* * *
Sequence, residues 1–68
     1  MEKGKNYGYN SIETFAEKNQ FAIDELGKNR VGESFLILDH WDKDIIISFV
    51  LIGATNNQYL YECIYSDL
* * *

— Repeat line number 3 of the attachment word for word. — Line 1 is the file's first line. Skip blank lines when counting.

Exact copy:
    51  LIGATNNQYL YECIYSDL